Several companies are interested in buying Blockbuster, who filed for Chapter 11 bankruptcy a few months ago. Dish Network, Cobalt Video, Carl Icahn and SK Telecom Co, who by the way, already dropped out of the running. Looking at this short list, it sounds like Blockbuster is worth the gamble, but it really isn’t, in my humble opinion. What would you do with Blockbuster anyways? Compete with Netflix? Might be better to just liquidate it. A few liquidating companies were considering. More power to whoever ends up with Blockbuster. As much as I love Netflix, it can use a little competition. Maybe, Hulu or even a third option will emerge sometime in the future. This is an excellent example of a old business model that became instinct in a hurry. Blockbuster just failed to cope up with new technology. So, the question is, would you buy Blockbuster? Or are you just courting for disaster.
Why is Microsoft in such a hurry to release Windows 8? After all, Windows 7 is barely a year old. It has been 17 months, to be precise, since Windows 7 was released. Most of us still haven’t upgraded to Windows 7 yet. So, why is Microsoft in such a hurry to introduce yet another version of Windows?
The answer could be as simple as Microsoft wanting their hands on ARM-based devices. ARM processors run majority control of today’s smartphones and tablets. Microsoft is obviously playing catch up in the smartphone and tablet arena.
The main issue for Microsoft is that majority of Windows users are still running Windows XP. A whopping 54% still run Windows XP. The good news is that Windows 7 users has overtaken Windows Vista users since July 2010.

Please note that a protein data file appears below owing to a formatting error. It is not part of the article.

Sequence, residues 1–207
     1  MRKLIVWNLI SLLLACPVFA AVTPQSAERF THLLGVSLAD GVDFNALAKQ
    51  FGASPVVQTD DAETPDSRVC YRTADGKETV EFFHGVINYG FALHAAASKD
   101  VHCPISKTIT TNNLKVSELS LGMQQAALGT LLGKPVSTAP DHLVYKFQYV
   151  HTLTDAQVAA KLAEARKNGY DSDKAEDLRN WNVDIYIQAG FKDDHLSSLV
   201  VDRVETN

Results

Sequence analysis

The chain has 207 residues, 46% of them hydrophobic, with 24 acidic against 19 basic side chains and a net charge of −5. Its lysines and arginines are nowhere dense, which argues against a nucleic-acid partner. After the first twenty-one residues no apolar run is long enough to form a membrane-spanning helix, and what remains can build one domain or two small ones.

But, majority of Windows XP users are still deferring upgrades. Expect Windows 8 to be released first quarter of 2012.
I wish data caps would melt faster than polar caps. But this is wishful think on my part. In fact, data caps will soon be imposed by many network providers around the world.
Starting May 2, my Internet provider, AT&T will cap my broadband service to a mere 150GB. Someone pinch me and wake me up from this bad dream.
If I go over the limit for the first time, I will get a disciplinary message. Gestapo spanks. I’m shaking in my boots.
If I go over my cap the second time, I will get an ultimatum. Scary. Get my act together. It’s now or never.
The third time. Bam! I will be charge an extra $10 for the next 50GB. And the charges pile up to ad infinitum.
AT&T is not alone in joining the Internet axis of evil.
Comcast is already imposing 250GB limit.
In Canada, Bell Canada and Rogers Communications have limits.
The same in the UK. British Telecom and Virgin Media are entrenched.
So, what to do. Move to another country?
Somebody save this penguin.
I just ran into an issue while creating tags in Subversion. I was using the example given from the documentation how to create Tags.
The example command given is:
svn copy http://svn.example.com/repos/calc/trunk \ http://svn.example.com/repos/calc/tags/release-1.0 \ -m "Tagging the 1.0 release of the 'calc' project."
Unfortunately, this command spits out an error saying:
svn: Cannot mix repository and working copy sources
Here’s the fix:
Removing the backslash seem to do the trick. Anyways, I’m not sure if the Subversion instructions need to be updated to reflect this finding, or if this command only works in Ubuntu, or just on my system. Nevertheless, it’s one way of creating Subversion Tags in Ubuntu.